Social Work Interventions in Health & Aging: Evidence for Effectiveness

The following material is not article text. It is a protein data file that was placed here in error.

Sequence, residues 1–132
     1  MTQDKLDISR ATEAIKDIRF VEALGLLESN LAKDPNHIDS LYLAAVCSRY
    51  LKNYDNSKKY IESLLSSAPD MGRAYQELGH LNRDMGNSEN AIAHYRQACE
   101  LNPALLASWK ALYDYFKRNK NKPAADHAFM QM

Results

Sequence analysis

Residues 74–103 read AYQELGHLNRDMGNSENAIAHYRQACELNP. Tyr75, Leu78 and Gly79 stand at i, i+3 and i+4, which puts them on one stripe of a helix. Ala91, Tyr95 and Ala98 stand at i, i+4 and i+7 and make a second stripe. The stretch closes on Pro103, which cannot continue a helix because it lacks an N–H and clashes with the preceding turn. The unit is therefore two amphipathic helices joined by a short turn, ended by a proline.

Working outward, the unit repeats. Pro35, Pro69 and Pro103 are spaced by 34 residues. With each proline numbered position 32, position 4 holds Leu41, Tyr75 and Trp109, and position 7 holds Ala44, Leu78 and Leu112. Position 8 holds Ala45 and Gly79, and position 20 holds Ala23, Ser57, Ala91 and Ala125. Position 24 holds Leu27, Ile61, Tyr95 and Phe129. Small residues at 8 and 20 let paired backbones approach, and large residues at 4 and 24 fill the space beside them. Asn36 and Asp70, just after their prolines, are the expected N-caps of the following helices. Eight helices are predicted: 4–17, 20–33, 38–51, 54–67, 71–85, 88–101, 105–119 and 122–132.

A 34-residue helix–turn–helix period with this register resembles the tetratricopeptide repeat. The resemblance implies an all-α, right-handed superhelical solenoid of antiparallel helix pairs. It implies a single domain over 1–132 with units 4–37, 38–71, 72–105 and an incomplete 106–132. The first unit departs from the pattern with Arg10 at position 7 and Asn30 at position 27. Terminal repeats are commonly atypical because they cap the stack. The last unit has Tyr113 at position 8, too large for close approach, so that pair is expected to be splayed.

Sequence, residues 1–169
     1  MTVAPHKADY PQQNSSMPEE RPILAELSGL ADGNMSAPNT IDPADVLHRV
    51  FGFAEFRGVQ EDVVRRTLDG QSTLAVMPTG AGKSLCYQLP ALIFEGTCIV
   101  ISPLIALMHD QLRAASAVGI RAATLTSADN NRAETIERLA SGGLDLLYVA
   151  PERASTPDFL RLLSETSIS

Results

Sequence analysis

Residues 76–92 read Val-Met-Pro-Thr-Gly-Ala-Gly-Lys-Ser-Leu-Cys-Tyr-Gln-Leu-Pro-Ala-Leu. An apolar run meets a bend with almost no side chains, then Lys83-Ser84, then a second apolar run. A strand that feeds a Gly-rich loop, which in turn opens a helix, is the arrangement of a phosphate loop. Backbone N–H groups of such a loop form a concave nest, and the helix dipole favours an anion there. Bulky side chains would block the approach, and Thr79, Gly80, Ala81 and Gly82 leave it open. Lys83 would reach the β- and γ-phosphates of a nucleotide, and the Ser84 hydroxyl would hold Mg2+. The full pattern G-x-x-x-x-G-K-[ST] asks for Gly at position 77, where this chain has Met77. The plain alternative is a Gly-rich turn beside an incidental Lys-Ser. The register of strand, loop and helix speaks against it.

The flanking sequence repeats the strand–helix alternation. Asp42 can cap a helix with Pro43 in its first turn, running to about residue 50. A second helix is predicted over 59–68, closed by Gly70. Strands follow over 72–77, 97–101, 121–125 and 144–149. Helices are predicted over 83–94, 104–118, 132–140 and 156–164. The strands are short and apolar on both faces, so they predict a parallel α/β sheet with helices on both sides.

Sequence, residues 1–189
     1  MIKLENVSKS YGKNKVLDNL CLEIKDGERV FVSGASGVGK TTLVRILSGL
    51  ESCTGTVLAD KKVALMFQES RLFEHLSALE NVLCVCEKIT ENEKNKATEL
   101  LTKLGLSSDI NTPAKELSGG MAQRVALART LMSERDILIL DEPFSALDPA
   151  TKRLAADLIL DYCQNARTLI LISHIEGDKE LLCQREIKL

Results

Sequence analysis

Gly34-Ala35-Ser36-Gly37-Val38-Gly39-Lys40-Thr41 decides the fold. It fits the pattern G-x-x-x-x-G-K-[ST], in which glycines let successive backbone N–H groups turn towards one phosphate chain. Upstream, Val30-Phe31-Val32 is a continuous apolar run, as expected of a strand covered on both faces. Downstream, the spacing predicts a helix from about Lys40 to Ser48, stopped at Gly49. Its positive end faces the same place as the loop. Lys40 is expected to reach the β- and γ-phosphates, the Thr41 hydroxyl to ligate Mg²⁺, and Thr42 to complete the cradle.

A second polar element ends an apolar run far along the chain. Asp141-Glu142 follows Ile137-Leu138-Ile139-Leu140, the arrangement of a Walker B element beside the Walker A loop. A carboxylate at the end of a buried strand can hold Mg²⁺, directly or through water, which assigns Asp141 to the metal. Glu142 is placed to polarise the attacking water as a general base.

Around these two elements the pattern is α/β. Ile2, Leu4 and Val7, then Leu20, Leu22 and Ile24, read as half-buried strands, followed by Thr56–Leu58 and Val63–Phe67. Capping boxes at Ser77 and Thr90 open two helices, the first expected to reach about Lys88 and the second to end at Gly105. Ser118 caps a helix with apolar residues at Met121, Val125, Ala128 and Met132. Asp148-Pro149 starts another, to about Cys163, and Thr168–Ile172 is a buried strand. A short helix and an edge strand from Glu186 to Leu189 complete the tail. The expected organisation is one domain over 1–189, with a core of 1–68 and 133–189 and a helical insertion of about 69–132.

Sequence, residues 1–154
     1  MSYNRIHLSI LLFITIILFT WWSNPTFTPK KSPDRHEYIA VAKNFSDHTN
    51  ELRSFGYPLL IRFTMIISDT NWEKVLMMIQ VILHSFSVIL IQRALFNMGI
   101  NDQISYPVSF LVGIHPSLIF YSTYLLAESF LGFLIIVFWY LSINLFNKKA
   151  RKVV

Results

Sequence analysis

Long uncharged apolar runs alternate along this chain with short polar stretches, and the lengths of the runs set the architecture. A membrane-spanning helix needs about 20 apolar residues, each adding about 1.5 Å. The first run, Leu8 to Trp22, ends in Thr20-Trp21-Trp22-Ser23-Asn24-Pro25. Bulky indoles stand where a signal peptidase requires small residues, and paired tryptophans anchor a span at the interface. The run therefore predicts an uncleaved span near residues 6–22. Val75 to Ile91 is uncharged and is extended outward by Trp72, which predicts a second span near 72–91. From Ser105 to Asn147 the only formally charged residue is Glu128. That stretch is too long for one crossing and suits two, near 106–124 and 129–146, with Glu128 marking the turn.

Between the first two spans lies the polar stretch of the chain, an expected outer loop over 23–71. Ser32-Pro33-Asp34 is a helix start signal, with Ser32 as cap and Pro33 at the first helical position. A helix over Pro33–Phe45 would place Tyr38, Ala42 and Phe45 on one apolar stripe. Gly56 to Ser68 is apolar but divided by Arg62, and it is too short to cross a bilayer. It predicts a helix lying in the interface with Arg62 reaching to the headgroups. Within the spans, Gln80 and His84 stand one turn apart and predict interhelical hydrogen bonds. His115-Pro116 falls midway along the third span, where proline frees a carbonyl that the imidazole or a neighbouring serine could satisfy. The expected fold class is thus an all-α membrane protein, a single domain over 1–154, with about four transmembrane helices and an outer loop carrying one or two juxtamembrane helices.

The specific aim of this symposium is to provide evidence for the efficacy and efficiency of social work services in health and aging at the micro, mezzo, and macro levels in order to contribute to the important national conversations that are occurring about health care reform decisions. The first paper sets the stage by presenting the results of a meta-analysis focused on social work interventions in aging and health. The paper calls for rigorous research to examine the differential impact of social work on the health and psychosocial outcomes of older adults (Rizzo & Rowe). Papers two (Golden & Krajci) and three (Gould, Bronstein et al.) report the positive and significant results of two studies that examine social work interventions in areas of significance to ACA: care coordination and the integration of psychosocial factors in patient centered medical homes and discharge planning to reduce hospital readmission rates. The fourth, and final, paper examines an ACA patient navigator program at a school of social welfare. The research design emphasizes the examination of state level policy factors (such as Medicaid expansion, federal or state exchange, laws passed prohibiting Navigators) that influence enrollment at a population level (Warner & Smith). Taken together, the papers in this symposium provide evidence to support the value of social work services in health and aging in this time of significant health care reform. The symposium is timely given the implementation of the signature ACA regulation in 2014, the individual mandate, which contributes to the projected 23.3% increase in need for health care social workers by the year 2020.